Board: UPS mechanics must return to bargaining table

A Teamsters official, David Bourne, said the union was disheartened by the decision. He said the union was prepared to return to the bargaining table, "which we hope will be later this year."

The union says it has bargained with UPS for more than four years without reaching a deal.

UPS spokesman Mike Mangeot said the National Mediation Board made the decision this week, after talks between the union and the company broke down last week.

Mangeot called the union's request to have the talks declared stalemated "a tactic to put pressure on negotiations."

The union workers earn $43 an hour and don't contribute to their health benefits, Mangeot said.

If the board's mediators had agreed that the talks were at a stalemate, they could have asked both sides to agree to binding arbitration.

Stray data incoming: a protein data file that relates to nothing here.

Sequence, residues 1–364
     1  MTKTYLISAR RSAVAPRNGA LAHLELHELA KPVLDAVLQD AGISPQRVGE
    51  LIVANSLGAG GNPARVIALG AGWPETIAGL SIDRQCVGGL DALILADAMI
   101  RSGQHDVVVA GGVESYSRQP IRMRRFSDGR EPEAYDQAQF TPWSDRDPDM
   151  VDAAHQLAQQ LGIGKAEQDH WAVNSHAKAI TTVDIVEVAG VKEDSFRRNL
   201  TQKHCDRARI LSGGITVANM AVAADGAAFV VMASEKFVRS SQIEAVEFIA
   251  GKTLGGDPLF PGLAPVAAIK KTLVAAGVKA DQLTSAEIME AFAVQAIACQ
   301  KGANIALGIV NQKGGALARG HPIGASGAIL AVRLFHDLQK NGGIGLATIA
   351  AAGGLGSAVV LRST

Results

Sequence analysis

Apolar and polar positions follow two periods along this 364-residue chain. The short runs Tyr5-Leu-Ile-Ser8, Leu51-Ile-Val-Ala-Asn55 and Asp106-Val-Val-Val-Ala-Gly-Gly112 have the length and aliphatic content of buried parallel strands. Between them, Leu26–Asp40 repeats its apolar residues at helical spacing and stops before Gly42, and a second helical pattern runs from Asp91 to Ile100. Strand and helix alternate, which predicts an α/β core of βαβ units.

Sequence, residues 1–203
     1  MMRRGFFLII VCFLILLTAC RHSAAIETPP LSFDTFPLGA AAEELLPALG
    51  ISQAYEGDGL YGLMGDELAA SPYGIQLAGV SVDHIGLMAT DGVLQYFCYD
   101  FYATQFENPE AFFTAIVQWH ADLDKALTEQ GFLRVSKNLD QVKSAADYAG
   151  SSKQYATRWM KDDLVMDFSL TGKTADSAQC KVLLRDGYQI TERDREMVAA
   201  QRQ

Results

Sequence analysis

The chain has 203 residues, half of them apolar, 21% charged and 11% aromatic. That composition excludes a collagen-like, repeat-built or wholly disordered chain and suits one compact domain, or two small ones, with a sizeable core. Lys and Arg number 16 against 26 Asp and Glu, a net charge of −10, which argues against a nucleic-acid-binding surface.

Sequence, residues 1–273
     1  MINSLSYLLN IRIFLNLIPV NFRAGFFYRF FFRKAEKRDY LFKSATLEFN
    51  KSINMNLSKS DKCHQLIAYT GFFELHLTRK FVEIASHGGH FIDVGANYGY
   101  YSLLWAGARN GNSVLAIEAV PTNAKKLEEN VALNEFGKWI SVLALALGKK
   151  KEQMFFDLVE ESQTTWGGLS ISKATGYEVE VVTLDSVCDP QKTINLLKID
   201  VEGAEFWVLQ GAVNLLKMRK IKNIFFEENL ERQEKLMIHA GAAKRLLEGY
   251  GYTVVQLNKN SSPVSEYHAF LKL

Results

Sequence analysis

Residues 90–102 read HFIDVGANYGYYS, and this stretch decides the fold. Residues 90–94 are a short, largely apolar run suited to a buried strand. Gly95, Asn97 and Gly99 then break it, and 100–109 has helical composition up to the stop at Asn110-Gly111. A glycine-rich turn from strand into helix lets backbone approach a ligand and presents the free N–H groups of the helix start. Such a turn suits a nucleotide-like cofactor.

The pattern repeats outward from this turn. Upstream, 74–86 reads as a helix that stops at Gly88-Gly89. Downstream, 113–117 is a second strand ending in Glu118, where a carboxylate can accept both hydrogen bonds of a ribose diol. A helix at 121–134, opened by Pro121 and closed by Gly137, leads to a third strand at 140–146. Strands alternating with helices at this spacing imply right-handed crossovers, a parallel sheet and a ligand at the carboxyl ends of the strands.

If either side were to then reject arbitration, it would have started a 30-day countdown until the union could legally strike.

Robert Combine, president of Teamsters Local 2727 in Louisville, Ky., said the company has made large profits since 2006 but hasn't met union demands for job security against foreign outsourcing and protection of health benefits.

"We do not wish to go out on strike, but UPS will leave us no choice if it insists on its unreasonable position," he said.

Associated Press contributed to this report.

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